Mikey777

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About Mikey777

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    Crashing Specialist
  • Birthday 02/17/70

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    San Diego

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  1. Yeaahhh........I don't disagree...
  2. Big Mike...can you bring them to Arnie's celebration of life? I think a lot of us will be there.
  3. My pics from the last day... Epic views from Mulley Point. One of the fun things about an extended ride like this is how well you get to know your riding buddies. You have time to learn about their families, how they met their wives, their ups and downs in their lives, their patience levels, how loud they snore (I think I won the bunny on that one), and how bad their feet smell after a week in the same pair of socks. Great times and getting to know these fine gents even more was just as good as the riding and epic views. We all learned from each other on this trip....Hence the trip motto "Live and Learn".
  4. Just a quick note about trail braking. On the street/track, trail braking is primarily done with the front brake. (Most newer sport bikes in the last three years or so have linked braking so your front brake activates the rear in relative amounts). As you initiate your turn in towards the apex, you continue to keep some braking pressure on the front brake and smoothly release it (trailing it off) as you apex and then smoothly bring on throttle as you exit. Trail braking helps compress the front suspension and loads the front tire giving a greater contact patch on the ground. You get a similar effect by leaning downward forward quickly in the turn which decreases the rake and monetarily increases manueverability, but without the slowing.
  5. I picked up Leatt body armor for the Utah BDR primarily because I needed something cooler than what I used last year on the AZ BDR and wanted better movement. Once I had this on, I pretty much forgot it was there. The material is lightweight football jersey type material and breathes really well. The front zipper makes getting it on and off pretty easy. Arnie was a big proponent of Leatt equipment. Now I know why. https://www.leatt.com/shop/body-tee-3df-airfit-lite-3797.html I used the Troy Lee armor last year. It is less expensive, but does not breathe or move nearly as well. http://www.troyleedesigns.com/7855-protective-ls-shirt
  6. I am going to beat LB to the write up on Day 3 on the BDR, but will keep it brief. As we started off the day, we knew we might have some weather issues as we rode north out of Moab. The more and more we motored, things got progressively worse as we rode around dark clouds, lightning strikes, and downpours visible on the horizon. We stopped for gas and lunch in Green River and we spent a good chunk of our afternoon looking for the elusive Nine Mile petroglyphs that were on CID's bucket list, which unfortunately we never found. We had a fun time cruising around looking for them though. By the time we gave up looking for them, we were experiencing a full deluge of rain. We continued onward up Arglye Creek Road which has a cool little valley that runs along the bottom of it. There were lots of homesteads, horses, cattle and deer in this area. We continued up Arglye until we came to a USFS campground where we stopped for the evening. CID and LB did not have waterproof pants on and got drenched. I stayed pretty dry, but my hands were freezing. We were all pretty cold at this point and happy to get off the bikes. Fortunately, the rain also let up for most of the evening. LB got a fire going and we gathered around it to dry out our wet riding gear. CID ended up melting his credit card which was in his leg pocket and burned a hole in his gloves. After we sacked out, it poured most of the night. We found out in the morning that LB left his armored riding shorts out in the rain all night. CID and I about busted a gut watching LB pull on cold, wet riding shorts! I think his boys shrivled up never to be seen again. My pics... LB checking oil at Crescent Junction, Utah Cool rock with petroglyphs. "E.D. Brinkerhoff 1925" was also etched into the rock. I am related to the Utah Brinkerhoff's on my Mom's side, so that was kind of cool to see. The newer graffitti sucked. (Note no kickstand anymore). Same rock on the back. CID and LB drying out their pants. CID made up Backpackers Pantry Creme Brulee for desert that night...Tasty!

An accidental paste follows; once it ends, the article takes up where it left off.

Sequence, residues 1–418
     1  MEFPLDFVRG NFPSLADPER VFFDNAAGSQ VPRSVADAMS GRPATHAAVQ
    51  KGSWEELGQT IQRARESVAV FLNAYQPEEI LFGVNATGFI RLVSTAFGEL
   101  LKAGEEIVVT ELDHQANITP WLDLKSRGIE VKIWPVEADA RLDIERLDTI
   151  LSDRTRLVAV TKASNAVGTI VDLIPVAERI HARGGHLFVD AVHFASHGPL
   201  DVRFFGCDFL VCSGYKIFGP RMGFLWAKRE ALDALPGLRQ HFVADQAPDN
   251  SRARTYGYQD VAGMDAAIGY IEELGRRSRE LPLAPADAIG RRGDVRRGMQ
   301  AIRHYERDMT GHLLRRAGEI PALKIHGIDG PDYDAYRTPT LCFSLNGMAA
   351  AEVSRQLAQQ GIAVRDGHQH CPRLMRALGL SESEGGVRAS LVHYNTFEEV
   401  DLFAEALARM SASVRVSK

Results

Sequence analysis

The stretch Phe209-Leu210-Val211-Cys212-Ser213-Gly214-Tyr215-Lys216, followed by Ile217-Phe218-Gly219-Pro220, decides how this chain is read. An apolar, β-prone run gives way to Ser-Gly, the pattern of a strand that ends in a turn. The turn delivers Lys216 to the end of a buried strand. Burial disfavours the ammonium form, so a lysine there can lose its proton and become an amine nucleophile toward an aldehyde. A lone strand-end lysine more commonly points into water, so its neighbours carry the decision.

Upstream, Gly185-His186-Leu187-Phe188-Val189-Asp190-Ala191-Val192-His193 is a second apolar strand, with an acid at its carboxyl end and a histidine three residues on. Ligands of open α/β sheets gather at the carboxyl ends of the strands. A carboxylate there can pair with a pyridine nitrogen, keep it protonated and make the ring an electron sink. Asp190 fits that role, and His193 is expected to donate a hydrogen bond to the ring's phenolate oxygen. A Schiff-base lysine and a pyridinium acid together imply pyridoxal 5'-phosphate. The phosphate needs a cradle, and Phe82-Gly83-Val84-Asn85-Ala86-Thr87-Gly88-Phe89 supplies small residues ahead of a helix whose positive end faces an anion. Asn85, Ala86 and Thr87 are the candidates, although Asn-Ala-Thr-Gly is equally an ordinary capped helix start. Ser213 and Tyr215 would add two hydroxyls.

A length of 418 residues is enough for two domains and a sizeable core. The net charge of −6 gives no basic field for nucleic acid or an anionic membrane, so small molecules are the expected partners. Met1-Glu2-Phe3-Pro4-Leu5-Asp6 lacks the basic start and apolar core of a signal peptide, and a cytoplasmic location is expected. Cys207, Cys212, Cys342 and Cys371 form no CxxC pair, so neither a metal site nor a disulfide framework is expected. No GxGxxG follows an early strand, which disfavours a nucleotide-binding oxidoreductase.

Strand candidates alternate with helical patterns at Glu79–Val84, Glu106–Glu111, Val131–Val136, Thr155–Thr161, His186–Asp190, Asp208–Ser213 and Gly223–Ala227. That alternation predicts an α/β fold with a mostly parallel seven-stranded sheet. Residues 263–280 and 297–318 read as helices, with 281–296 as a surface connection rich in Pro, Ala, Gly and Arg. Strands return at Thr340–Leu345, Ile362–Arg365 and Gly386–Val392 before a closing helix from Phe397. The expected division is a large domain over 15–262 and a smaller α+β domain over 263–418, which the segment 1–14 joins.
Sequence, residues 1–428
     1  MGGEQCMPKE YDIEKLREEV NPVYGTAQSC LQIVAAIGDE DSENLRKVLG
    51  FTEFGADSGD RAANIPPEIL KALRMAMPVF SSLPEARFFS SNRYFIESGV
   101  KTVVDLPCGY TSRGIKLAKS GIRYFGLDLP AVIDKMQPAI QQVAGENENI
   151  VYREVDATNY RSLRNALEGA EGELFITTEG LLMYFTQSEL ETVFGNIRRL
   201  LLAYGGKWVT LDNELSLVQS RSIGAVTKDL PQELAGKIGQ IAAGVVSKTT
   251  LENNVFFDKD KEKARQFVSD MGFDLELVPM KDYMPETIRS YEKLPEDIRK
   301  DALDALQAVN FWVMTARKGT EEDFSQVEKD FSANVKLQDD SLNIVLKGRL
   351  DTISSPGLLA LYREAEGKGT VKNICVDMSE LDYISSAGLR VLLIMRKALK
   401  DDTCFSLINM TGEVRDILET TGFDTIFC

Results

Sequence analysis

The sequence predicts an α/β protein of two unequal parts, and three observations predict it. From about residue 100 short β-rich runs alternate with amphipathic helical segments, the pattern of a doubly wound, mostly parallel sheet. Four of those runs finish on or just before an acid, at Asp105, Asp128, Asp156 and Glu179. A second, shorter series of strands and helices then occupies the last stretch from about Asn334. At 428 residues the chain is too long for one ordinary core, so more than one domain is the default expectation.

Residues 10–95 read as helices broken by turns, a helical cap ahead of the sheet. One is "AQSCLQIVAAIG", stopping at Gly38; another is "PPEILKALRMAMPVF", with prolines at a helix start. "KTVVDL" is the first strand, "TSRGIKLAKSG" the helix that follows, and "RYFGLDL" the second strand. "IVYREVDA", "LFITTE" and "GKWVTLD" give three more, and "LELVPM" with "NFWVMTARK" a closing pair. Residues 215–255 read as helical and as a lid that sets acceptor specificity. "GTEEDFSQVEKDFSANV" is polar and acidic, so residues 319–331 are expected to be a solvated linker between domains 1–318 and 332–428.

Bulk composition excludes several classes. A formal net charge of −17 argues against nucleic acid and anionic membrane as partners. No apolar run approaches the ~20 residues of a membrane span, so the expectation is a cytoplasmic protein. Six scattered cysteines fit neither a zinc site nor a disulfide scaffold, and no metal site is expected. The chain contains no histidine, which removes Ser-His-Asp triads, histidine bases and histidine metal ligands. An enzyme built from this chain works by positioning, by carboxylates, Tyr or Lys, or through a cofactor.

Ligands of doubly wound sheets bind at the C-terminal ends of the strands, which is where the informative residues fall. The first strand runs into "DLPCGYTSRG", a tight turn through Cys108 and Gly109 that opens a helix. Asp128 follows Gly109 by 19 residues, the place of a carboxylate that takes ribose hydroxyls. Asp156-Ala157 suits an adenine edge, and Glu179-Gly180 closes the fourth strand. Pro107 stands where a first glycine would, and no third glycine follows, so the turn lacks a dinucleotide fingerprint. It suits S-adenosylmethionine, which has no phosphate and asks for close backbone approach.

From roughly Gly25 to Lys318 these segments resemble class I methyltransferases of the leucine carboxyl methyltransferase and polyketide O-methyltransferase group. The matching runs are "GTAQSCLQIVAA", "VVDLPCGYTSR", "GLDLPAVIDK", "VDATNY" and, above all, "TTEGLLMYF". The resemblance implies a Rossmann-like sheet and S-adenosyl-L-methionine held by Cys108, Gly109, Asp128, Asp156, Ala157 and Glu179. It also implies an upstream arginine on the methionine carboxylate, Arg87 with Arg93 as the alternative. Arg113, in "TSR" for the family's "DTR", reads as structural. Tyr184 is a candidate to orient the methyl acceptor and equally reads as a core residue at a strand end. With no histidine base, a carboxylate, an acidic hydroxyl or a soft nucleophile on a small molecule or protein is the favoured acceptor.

7. Leading through a turn with your head/eyes does translate onto dirt as it prevents target fixation. I possibly could have made it through the turn if I continued focusing on the corner and not on the stump/cluster of trees ahead of me. But sometimes you have to make snap decisions and the best decision was bleeding off speed by dumping it to avoid injury. On the way home, we spent a lot of time talking about right turns in dirt. We all agreed that we are less comfortable making right turns then left turns and talked about the reasons why. For me, I cannot put my right foot down (motocross style) and trail brake with my right foot at the same time while in the corner. It is one or the other, but not so in a left hand turn. You could use front brake while in a right hand turn, but that is usually a recipe for disaster in the dirt. We also discussed whether or not being right handed could impact our perception/sense of balance going into a right hand corner versus left hand corner, which is a possibility. Notice how flat tracks are lefts? The best answer is make sure you are at a safe speed before you enter a corner (especially a decreasing radius corner) and that was my biggest mistake.